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Protestante Digital

Mark Arnold

Answering children’s questions about additional needs

The hardest question can be the one from a child themselves… “Why am I different?” 

The characters in Winnie-the-Pooh stories are a great example for younger children to understand differences.

A question I get asked loads of times is this; “How can I explain additional/special needs to children?” 

The answer depends on the context, as there are different ways that this can be responded to, determined by who the answer is meant for. 

Are we responding to a question from a child with additional needs themselves? “Why am I different?”  Are we responding to a perceived question from within a children’s group “Why are they different?” 

Or are we trying to figure out an answer to a question we’re asking ourselves “How do I include everyone’s differences?”

A starting point as we try to navigate a path through these questions is to grapple with a rather large issue; what is “difference”? 

All of the questions above have been, rather crudely I admit, couched in a way that includes the word different/difference.  The questions are all based on questions that I, and I’m sure many of you, have been asked many times.  But what is “difference”?  “Different” to what, or to who?

We are all different, unless we have an identical twin, so there is really no such thing as a “normal” person to be different to; we are all different to each other. 

So where is the line drawn that causes us to ask the questions in the opening paragraph?  Is someone considered to be on the other side of that line if they have red hair?  Or one green eye and one brown?  Or are under, or over, a certain height?  What about if they have a birthmark?

Hopefully we have moved on from the time when people would be stared at and thought to be “different” because of the colour of their skin, although there are still recent stories that suggest this is not entirely the case yet. 

So where is that line, who gets to draw it, and why should people with additional needs or disabilities find themselves on the “wrong” side of it so often?  On the side that isn’t perceived as “normal”?

One suggestion I give to people trying to explain this to children is to gather them all together and ask them what is different about them compared to the rest of the group; encouraging them to include affirming differences such as “I’m good at football”, or “I collect unicorns”, as well as things that are physical differences such as “I’m taller”, or “I have freckles”, for example. 

Then ask them if they can remember a time when they have needed a bit of extra help or support, prompting them to remember the time when they fell out of a tree and broke their arm, or when they were sad because their pet had died, or when they were poorly, for example.

It is then easier to help them to use these examples to better understand that everyone is different, none of us are “normal”; there is no such thing! 

And all of us have times when we need a bit of extra support or help, whether we have an additional need or disability, or not.  Helping children to understand this through their own lived experiences will help to give them a reference point for them to be more accepting of others.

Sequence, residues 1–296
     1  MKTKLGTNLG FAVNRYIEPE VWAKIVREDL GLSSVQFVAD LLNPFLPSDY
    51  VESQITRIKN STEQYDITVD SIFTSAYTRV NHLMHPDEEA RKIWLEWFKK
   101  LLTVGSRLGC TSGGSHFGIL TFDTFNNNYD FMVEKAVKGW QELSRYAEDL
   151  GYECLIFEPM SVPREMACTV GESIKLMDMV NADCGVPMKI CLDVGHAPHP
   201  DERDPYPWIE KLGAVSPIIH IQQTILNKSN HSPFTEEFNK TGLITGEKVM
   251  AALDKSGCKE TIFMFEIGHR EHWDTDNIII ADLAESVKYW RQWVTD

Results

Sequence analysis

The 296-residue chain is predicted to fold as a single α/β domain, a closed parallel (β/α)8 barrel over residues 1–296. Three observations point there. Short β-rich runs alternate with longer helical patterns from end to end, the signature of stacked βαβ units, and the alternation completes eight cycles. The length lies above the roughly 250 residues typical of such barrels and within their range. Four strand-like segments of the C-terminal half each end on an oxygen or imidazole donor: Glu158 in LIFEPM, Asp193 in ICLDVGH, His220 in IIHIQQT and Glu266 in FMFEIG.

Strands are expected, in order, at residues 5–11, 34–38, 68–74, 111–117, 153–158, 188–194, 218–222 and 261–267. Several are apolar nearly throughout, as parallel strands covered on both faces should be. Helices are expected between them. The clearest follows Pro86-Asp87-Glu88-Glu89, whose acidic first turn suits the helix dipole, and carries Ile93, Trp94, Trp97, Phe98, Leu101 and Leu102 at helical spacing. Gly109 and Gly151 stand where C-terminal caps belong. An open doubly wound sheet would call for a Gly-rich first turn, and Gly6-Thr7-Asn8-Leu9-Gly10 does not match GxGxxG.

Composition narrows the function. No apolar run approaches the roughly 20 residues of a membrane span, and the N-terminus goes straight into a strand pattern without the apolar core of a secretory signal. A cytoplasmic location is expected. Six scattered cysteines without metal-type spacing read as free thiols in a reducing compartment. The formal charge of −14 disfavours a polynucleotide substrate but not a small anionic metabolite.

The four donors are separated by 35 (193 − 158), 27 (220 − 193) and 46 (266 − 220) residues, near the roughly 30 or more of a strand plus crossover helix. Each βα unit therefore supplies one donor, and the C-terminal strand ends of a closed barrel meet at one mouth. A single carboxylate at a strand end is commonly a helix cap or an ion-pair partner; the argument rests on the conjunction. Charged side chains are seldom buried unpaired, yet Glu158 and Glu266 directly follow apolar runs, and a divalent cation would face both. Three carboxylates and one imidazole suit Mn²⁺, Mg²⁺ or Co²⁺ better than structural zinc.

It can also sometimes be helpful to think about a group of popular children’s characters and discuss the differences between them. 

The characters in the A.A. Milne Winnie-the-Pooh stories are a great example for younger children, with very different characteristics, abilities and attributes to be found in the various characters in the Hundred Acre Wood. 

Tigger is very bouncy and confident, while Eeyore is quieter and is content being on his own.  Owl is very wise, while Roo, being younger, still has a lot to learn.  Every one of them is different, as are we all, but the Hundred Acre Wood would be much the poorer if any one of them wasn’t there.

The hardest question can be the one from a child themselves… “Why am I different?” 

We can answer the question theologically, telling them that God himself formed them the way they are, and that they are fearfully and wonderfully made (Psalm 139:13-14), or that God knew them and chose them as they are before they were even made (Jeremiah 1:5)

That is all absolutely true and good to help them understand, but perhaps what they are really wanting to know more than anything else is whether their perceived “difference” affects the way we might feel about them… especially if they have experienced rejection at school for example, due to their additional needs. 

The question that might be in the deepest darkest corner of their breaking heart might be “Do they still love me?”

To which possibly the best non-theological response it might be possible to give comes, with a little adaptation, from the pen of A.A. Milne, through these words from Christopher Robin to Winnie-the-Pooh:

“Promise me you’ll always remember… you’re braver than you believe, stronger than you seem, smarter than you think, and loved move than you know.”

Maybe that’s the best answer we can give to a child who asks us that tough question, and by not just saying it but living it with them we can help them face whatever challenges lie ahead together. 

As A.A. Milne once again puts it so well…  (Piglet) “How do you spell love?”  (Pooh) “You don’t spell it, you feel it.”  I think, perhaps, Jesus himself would add an “Amen!” to that!

Mark Arnold, Director of Additional Needs Ministry at Urban Saints. Arnold blogs at The Additional Needs Blogfather. This article was re-published with permission.




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